10 technologies you can use right now
The Partnership for Advancing Technology in Housing (PATH) announced their updated list of the 10 top technologies that are job-site tested and ready for implementation. PATH selects technologies based on their ability to improve one or more of the following areas: durability, affordability, energy efficiency, environmental impact; safety; and disaster mitigation. For more information, go to www.pathnet.org.
Top 10 Technologies for 2007
1. Mold-resistant drywall has a glass-mat facing or a chemically treated paper facing for mold resistance. Regular drywall has a plain paper facing.
2. Solar water heating can cut water-heating bills up to 75%. Federal tax credits can save you 30% of the installation costs, up to $2000.
3. Recycled aggregate in concrete cuts the amount of sand and gravel that need to be mined out of the ground while creating a use for industrial waste or solid waste. Substitutes include coal ash, blast-furnace slag, fiberglass, and plastic.
4. Combined heat and power (CHP) systems generate power from the same fuel used to heat a house, and they’re extremely efficient, about 90% (central power stations are about 35% efficient). Micro-CHP systems for houses can generate 1kw to 6kw of power.
5. Single-unit washer/dryers are front-loading machines that wash and dry clothes. They save both water and energy compared to standard separate units.
6. Hydrophilic, impact-resistant windows shed water faster and repel flying projectiles better than standard impact-resistant glass. A silicondioxide coating makes glass smoother, allowing water molecules to wash away in sheets. Impact resistance is boosted by laminating the glass with composites that, according to PATH, “provide enough strength to allow windows to withstand high winds, projectiles, or even bullets.”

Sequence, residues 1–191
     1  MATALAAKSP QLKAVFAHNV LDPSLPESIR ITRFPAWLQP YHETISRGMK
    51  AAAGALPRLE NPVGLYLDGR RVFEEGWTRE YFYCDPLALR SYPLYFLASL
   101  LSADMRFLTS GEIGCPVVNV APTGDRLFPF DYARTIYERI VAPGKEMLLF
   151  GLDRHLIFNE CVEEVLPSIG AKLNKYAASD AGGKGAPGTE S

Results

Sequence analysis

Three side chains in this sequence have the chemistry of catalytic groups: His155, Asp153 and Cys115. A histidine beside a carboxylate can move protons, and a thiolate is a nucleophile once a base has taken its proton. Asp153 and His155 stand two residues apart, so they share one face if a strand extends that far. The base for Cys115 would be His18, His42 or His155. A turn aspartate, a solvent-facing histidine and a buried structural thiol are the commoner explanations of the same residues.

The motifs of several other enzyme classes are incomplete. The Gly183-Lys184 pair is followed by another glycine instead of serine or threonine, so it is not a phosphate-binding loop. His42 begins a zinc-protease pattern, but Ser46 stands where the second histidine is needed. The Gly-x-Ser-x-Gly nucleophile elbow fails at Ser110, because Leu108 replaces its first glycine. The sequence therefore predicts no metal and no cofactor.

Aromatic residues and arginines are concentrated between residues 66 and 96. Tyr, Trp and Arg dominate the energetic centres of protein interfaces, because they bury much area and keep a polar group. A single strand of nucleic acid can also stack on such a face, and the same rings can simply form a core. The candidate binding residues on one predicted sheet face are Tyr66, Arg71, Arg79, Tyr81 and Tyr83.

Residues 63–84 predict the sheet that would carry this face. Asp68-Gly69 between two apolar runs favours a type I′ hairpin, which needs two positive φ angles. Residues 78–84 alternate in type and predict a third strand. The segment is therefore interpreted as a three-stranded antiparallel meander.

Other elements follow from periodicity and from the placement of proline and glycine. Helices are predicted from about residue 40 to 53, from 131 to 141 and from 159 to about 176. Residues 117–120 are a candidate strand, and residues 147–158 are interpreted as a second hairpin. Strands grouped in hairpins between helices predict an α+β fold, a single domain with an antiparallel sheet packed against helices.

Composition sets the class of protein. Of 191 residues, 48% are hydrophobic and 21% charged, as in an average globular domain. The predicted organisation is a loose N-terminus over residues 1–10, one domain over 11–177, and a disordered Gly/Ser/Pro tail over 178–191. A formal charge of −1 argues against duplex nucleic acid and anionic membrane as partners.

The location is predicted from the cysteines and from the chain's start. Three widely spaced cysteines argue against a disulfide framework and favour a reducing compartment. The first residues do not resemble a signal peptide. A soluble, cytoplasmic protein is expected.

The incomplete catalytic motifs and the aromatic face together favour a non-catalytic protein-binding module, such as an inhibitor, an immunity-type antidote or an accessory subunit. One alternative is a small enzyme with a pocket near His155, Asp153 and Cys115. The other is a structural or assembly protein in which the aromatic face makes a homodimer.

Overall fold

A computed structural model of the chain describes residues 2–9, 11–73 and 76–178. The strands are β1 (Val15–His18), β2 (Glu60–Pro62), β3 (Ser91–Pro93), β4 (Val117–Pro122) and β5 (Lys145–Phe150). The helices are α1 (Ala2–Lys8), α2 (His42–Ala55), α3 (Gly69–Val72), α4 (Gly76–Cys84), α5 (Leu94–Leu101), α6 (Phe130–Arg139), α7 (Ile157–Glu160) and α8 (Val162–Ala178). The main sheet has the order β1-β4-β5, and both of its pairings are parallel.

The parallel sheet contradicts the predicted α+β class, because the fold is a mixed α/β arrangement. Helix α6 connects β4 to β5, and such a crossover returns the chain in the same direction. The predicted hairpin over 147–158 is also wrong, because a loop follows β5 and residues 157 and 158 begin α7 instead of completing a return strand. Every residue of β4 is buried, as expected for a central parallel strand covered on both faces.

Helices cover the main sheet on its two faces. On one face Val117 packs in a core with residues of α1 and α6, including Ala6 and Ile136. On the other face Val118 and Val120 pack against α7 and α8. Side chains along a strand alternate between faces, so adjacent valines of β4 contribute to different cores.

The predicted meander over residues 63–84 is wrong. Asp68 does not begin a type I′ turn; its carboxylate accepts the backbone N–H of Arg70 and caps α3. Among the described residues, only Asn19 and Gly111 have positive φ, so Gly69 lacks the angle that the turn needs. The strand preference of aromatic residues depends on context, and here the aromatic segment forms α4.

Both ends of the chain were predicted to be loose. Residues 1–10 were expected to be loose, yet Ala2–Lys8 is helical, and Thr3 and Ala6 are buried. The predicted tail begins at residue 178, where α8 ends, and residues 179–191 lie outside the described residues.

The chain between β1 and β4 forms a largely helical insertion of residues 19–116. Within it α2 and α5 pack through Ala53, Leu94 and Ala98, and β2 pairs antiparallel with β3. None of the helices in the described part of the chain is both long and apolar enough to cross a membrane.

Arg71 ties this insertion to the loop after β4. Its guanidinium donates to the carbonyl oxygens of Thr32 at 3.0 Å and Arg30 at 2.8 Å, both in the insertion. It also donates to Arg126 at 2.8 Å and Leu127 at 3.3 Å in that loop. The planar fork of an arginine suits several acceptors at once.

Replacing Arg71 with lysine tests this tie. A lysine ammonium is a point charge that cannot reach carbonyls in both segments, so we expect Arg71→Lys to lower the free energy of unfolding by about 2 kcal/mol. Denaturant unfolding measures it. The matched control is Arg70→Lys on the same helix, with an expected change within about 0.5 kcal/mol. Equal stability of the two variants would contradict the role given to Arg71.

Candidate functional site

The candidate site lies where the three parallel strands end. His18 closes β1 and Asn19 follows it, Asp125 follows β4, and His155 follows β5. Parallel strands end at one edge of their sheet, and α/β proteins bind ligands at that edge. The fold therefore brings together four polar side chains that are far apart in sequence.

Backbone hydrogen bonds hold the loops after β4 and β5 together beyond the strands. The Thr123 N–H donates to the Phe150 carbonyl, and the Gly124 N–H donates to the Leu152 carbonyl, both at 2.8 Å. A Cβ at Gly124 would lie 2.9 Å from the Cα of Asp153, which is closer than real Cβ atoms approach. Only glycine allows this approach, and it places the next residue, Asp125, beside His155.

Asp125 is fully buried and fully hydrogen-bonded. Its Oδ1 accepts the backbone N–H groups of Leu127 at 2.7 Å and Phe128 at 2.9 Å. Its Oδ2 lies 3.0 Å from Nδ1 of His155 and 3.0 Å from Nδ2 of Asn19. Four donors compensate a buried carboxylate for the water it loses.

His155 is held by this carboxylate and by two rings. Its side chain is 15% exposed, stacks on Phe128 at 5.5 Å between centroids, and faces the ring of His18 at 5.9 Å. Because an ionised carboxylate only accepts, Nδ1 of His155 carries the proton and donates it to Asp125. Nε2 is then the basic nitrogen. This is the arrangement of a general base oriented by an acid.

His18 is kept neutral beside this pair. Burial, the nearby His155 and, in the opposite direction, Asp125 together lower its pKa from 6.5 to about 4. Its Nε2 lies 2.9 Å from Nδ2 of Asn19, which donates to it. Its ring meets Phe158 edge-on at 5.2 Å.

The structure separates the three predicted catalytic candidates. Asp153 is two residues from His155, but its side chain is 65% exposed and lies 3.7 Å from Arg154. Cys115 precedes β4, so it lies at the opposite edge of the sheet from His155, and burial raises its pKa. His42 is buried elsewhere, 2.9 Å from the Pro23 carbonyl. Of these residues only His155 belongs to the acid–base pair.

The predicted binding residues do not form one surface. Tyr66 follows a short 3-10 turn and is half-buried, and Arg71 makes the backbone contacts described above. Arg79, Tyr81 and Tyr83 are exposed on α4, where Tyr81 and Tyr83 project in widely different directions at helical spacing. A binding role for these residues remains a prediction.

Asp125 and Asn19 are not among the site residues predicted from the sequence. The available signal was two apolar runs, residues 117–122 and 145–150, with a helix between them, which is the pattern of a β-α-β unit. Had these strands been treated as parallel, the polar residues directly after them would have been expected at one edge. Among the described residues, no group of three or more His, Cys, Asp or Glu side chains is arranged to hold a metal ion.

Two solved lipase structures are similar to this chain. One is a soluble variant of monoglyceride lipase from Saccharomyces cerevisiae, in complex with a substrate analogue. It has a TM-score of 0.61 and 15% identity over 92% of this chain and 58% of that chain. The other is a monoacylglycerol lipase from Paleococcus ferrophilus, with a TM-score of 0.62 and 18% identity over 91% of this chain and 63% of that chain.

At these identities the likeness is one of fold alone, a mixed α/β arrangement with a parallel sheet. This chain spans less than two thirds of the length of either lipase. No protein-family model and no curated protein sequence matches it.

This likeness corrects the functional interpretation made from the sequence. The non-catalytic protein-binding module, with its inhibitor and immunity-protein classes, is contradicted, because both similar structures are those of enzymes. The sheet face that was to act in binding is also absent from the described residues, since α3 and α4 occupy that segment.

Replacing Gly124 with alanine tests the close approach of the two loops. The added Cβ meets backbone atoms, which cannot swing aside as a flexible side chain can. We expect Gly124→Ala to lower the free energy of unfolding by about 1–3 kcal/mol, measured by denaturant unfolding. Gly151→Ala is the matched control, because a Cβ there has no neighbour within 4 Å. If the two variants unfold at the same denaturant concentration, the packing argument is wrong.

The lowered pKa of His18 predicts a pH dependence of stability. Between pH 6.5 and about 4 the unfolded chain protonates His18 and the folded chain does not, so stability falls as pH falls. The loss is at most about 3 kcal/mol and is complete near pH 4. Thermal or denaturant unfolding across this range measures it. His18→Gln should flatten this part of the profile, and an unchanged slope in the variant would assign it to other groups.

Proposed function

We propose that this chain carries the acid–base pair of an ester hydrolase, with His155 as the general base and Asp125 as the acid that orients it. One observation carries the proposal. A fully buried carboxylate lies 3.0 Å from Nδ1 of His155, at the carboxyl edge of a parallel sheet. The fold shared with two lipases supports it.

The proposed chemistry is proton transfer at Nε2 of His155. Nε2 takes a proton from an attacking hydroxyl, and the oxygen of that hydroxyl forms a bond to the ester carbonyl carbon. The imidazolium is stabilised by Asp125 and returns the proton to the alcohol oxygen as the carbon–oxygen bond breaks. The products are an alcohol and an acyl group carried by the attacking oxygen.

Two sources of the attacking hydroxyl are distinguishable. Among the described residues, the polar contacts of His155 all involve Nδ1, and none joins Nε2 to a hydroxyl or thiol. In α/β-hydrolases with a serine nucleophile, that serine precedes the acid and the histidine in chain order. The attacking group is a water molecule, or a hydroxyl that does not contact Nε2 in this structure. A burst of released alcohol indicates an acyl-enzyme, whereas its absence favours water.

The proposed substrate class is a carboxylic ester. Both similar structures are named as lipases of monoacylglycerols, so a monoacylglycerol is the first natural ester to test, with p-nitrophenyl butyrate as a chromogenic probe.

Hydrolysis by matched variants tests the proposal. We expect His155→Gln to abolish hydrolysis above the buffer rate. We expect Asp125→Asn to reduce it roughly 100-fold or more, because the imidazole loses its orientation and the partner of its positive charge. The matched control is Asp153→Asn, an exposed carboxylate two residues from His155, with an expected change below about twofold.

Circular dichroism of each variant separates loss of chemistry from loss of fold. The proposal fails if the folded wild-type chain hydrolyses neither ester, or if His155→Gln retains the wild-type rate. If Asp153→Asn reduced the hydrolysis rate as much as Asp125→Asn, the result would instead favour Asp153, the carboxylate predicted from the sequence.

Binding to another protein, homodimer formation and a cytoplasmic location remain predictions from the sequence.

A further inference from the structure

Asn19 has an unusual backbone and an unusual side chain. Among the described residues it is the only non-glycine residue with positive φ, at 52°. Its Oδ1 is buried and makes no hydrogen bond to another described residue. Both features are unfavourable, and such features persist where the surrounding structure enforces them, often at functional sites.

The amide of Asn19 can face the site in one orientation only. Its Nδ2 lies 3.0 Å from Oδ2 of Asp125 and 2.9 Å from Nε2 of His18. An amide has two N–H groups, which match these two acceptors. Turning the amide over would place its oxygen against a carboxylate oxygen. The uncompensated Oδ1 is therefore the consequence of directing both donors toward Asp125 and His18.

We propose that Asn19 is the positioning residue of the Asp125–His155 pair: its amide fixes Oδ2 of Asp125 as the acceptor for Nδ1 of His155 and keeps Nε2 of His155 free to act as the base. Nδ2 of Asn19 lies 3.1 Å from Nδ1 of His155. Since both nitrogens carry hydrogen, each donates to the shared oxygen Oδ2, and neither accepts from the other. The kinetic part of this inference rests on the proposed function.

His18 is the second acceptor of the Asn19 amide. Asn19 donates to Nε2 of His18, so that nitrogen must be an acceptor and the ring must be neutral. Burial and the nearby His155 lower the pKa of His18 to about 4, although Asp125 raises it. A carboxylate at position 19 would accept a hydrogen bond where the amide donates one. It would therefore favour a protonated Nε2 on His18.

7. Supersize (vertical) insulating concrete forms (ICFs) are like regular ICFs, only bigger and with fewer joints, making assembly faster with less bracing needed.
8. Induction cooktops heat the pot instead of the stovetop. In doing so, they use less energy and are much safer if you tend to forget the stove is on.
9. GPS for land development brings digging a hole into the 21st century. A machine interface, operator interface, and some sensors communicate with each other via a satellite-controlled GPS device to provide accurate information to the machine operator about cutting depth and location in relation to the design grade. No stakes needed.
10. Permeable pavers and pavement take a load off storm drains and reduce pollution. When rain runs off a roof, into the street, down a storm drain, and into a lake, the lake becomes dirtied by asphalt, tar, oil, and other pollution along this path. When rainwater is allowed to percolate into the soil, it’s cleaned the old-fashioned way, with soil microbes.
Photo by Chris Ermides